She was the only female manager I’ve had and she was a constant champion of a healthy work/life balance. She had no choice; she was a working mom and had a family to prioritize. The most valuable thing she taught me, though, was to find my balance between career and family. To make it all fit the way I want it to, and to not care what anyone thinks about it. I’m thankful that she gave me the agency and wherewithal to do that, and I intend to pass that down to anyone that looks up to me.”

Maegan also emphasizes that women in engineering tend to put a lot on their plate in order to be seen. While it’s getting better, she still sees the phenomenon from time to time.

“As women professionals, we tend to place a heavier burden on ourselves. I’m guilty of putting too much pressure on myself in my career. As a woman, I think I can say that I feel females thrive on communication, feedback, and interpersonal relationships, which can be hard to cultivate in an industry as objective as engineering.

Yet, I’m all about breaking down those boundaries. You can have work and family. There is a symbiotic relationship between mother and engineer; I’ve found it, and I want to share that balance with younger people in the industry. Go ahead; leave early to get to your child’s soccer game. Family and work can coexist in this industry, and I think they’re both better off when they do.”

Being Led by Example; The Importance of Role Models

Nikki has found inspiration in the women engineers like Maegan. The kind of people that pave their own way, carving a trail that lets the younger generations walk that much more easily. For her, balance is about equality.

“It’s easy for women in our industry to feel that they don’t belong or that they’re sidekicks. It’s no secret that this was and still is a male-dominated field. The industry could do better by supporting women and encouraging them to join the engineering field because they are an important asset.

For myself, I have overcome these feelings by looking up to other women in engineering that have prospered and never stopped showing what they can do, like Maegan, which I aspire to be like as my journey continues.”

Here’s to Inspiration; Now & Into the Future

Finally, we asked Maegan and Nikki to share some words of inspiration to the young women interested in STEM and engineering.

“If I was giving advice to a young girl interested in STEM, I would tell them to stay strong and determined.” Answers Nikki, “There were a lot of times I doubted myself and if I was able to do it. But in those times, I reminded myself that I truly loved this field and that I can do anything I wanted as long as I worked hard and pushed through all the tough times.”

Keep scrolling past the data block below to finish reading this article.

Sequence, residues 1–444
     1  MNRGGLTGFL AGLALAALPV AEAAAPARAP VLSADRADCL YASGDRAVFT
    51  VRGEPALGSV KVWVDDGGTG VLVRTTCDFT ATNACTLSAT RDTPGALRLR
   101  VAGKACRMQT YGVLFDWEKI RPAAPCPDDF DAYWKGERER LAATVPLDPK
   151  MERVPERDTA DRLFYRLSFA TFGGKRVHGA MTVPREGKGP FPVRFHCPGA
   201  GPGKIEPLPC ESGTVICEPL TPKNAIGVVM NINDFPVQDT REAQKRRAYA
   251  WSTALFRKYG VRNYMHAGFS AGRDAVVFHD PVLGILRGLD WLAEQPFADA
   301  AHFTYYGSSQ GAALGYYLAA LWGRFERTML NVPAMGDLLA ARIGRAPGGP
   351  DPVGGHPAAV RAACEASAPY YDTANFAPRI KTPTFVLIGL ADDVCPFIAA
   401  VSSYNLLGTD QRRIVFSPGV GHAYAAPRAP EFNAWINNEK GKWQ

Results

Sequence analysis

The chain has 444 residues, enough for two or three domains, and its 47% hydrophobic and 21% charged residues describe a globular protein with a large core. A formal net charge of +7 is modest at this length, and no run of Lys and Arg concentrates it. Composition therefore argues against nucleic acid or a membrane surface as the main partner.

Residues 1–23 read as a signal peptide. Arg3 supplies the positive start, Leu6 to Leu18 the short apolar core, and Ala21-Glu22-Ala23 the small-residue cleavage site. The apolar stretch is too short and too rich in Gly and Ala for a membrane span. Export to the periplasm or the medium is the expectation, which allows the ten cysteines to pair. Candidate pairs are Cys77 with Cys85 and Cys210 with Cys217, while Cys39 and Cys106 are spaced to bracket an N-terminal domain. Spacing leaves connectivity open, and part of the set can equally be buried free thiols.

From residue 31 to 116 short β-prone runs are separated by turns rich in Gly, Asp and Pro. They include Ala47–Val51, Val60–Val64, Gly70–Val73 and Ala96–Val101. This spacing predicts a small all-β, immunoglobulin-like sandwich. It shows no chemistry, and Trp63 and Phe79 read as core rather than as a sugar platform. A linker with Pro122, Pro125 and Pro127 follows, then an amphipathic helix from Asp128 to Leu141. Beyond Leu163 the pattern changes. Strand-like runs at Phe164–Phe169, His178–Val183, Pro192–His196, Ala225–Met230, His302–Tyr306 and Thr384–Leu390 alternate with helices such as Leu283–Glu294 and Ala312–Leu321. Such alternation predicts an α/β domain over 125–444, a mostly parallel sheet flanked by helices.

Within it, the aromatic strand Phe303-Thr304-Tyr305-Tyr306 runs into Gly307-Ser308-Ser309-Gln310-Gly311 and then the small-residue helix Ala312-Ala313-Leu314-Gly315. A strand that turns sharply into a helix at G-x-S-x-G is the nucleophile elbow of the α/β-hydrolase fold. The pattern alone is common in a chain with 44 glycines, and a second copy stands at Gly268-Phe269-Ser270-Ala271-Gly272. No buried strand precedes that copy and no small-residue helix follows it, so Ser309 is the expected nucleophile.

“I always leave them with one word; effort.” Says Maegan. “To be frank, when I was 18 in high school, engineering school scared me. However, God graced me with this sense of urgency, and I knew I had to try. The turning point for me was when I started at the University of Kentucky and I failed my first Chemistry 107 test. I called my mom crying and said I needed to come home. Thankfully, 150 of my favorite classmates failed it with me and I learned the beauty of the curve. Also, strength in numbers, even when you’re not succeeding!

My graduating class at our small high school was less than 150 students. To say I was in a little bit of shock when I failed that test is probably an understatement. From that test forward, I made it my mission to make an A in that class. After every lecture, I would rewrite the class notes, and at the end of every week I would rewrite them all again. I developed a habit of rewriting my notes seven times before every exam, and on the final, I scored a 113. I know I wasn’t the smartest in the room; and that’s not my role. However, seeing the success of that effort taught me I can control how much I know, and it doesn’t really matter where you are starting from, you can get anywhere as we all have the ability to learn.”

That’s just it; effort. Yet, we want the engineering industry to honor that effort and to acknowledge it when it’s made. Women shouldn’t have to work harder to be acknowledged. When they do, that extra mile and 110% should be celebrated, not expected. We’re glad to have mentors like Maegan on our team, and we’re happy to see younger engineers like Nikki; the product of a younger generation that places a value on education. We couldn’t be happier.

Check out our latest Podcast where we discuss STEM education, internships, and mentors with Nikki Gregory.

February 24 is Girl Day. We ask that you take a moment to consider your impact as a mentor, and to do your part, even if it’s small, in inspiring a young female in STEM.